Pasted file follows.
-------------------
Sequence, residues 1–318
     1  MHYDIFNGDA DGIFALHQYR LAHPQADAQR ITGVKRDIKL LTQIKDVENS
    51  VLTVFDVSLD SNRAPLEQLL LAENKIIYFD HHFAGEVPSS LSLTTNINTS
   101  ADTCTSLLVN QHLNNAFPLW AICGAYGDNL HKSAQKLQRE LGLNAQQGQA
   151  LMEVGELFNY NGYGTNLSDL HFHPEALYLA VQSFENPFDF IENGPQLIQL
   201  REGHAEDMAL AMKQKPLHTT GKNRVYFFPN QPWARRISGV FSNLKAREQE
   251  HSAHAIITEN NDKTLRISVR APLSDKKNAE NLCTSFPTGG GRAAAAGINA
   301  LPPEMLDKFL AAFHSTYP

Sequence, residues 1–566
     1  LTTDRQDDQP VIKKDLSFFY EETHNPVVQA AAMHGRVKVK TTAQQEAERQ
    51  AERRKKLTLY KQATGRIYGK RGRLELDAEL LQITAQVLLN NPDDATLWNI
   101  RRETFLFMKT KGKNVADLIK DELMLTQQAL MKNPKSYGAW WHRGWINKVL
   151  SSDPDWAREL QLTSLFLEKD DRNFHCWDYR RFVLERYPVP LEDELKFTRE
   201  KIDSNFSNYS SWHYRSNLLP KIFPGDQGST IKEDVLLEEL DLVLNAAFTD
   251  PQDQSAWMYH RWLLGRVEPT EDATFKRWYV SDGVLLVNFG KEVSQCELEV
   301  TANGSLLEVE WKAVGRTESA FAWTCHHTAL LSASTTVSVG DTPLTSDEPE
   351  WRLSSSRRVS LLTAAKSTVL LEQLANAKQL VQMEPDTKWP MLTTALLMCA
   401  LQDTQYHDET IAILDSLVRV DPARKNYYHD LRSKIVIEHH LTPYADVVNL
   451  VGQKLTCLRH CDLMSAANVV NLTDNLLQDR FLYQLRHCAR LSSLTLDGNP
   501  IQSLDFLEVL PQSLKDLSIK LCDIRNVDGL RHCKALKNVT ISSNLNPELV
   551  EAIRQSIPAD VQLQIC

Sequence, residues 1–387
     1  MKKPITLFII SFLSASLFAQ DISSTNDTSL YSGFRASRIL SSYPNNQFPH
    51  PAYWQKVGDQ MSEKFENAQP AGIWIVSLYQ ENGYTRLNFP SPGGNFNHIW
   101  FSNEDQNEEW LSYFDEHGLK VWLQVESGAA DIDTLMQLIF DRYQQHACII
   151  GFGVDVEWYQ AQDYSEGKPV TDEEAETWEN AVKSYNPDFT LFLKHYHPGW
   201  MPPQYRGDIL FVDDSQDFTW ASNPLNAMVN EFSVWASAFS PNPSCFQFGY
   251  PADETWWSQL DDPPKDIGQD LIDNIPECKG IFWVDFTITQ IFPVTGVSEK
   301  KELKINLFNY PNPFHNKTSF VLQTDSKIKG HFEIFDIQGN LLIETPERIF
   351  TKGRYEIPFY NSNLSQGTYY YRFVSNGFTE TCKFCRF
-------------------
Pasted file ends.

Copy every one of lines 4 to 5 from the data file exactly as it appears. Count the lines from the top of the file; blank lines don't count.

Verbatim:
   101  ADTCTSLLVN QHLNNAFPLW AICGAYGDNL HKSAQKLQRE LGLNAQQGQA
   151  LMEVGELFNY NGYGTNLSDL HFHPEALYLA VQSFENPFDF IENGPQLIQL